At Telunas beach on Sugi island, already in the Karimun archipelago, an idyllic resort offers groups of visitors the exhilarating experience of living on a remote island, away from the noise of civilization to listen to the sounds of nature. Here rooms built on stilts overlook blue-green waters. Explore the jungle, enjoy the serenity of white sandy beaches and return home completely invigorated.
Freshly caught seafood at inexpensive prices is the main appeal of Batam. Dining options here are amazingly varied. Moreover, there’s fine dining, seafood, fast food, local specialties, Chinese, Japanese, Korean and other nationalities and even vegetarian restaurants – you name it, and it can likely be found. Most of the upscale restaurants, particularly international ones, are usually found in the starred hotels.
At Nongsa you can eat in a “kelong,” a restaurant built over the sea on stilts. In Nagoya visitors and locals mingle at the night markets or the Pujasera Nagoya food center for traditional Indonesian food. At the Harbour Bay you can eat your favourite food in the open air along the sea front.
Popular offerings include chilli crabs, king prawns, steamed or barbecued fish, and the unique gong-gong sea snails, which can only be found in the waters of the Riau Islands. Best eaten steamed, the meat is fished out from the shell using a toothpick and dipped in ‘sambal’ (locally-made chilli sauce).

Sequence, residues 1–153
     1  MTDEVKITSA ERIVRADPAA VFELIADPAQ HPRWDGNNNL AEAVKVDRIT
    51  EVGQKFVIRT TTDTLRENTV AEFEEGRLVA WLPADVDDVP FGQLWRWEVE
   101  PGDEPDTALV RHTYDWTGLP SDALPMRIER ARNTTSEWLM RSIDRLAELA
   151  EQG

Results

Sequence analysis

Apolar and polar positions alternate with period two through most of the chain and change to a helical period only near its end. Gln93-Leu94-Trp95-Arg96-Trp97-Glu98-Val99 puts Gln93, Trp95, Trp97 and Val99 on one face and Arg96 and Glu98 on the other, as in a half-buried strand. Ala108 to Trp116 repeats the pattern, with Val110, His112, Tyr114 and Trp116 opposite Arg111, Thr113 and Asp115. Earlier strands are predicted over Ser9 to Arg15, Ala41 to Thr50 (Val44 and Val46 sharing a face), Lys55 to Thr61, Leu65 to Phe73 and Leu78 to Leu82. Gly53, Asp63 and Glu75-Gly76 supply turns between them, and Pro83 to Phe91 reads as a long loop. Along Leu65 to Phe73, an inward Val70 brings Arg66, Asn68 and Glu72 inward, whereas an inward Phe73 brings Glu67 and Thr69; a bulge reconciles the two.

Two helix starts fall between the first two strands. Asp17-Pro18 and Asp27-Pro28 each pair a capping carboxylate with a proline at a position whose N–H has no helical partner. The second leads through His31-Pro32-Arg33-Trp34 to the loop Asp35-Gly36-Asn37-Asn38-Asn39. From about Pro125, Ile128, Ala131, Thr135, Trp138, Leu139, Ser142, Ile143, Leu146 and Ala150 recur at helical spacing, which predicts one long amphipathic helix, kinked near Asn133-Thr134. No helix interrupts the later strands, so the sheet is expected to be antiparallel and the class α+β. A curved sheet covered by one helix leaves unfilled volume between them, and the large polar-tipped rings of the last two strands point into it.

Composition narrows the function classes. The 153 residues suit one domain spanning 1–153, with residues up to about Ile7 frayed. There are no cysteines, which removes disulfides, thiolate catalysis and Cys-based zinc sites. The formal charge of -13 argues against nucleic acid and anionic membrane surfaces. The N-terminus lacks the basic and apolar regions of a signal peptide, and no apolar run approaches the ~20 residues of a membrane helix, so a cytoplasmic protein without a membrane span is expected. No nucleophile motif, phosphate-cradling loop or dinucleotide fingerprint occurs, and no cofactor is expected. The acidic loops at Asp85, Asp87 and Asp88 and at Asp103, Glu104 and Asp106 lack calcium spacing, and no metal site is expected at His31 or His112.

There are six beautiful golf courses located just on Batam Island alone. The Indah Puri Golf Resort is set in greenery and ringed by water, and is designed by renowned golf architect Ronald Fream. Each of the 18 holes of the championship course is distinctive with its own special character.
The Palm Spring Golf and Beach Resort ranks as one of Batam’s most popular courses with three nine-hole layouts. The Batam Hills Golf Resort has an 18-hole championship golf course designed by Pro Max Wexler. It is part of the Waterfront City development that includes housing, a marina club, campsites and cable skiing. The Clubhouse has picnic and barbecue areas, karaoke lounge, saunas, squash and tennis courts, jungle and jogging treks, and a swimming pool. Other facilities on the island include the Southlinks Country Club and the Tering Bay Golf & Country Club.
Seeing the Barelang Filsabillah Bridges is a must for any visitor to this island. The icon and pride of Batam, especially the first bridge is beautifully designed, and constructed entirely by Indonesian engineers, connecting Batam with the island of Tonton Nipah. The height of this bridge is 38 meters, and is 642 meters long. There are six bridges in all connecting Batam with Rempang and Galang to its south giving one the feeling as if the Barelang islands are one large island.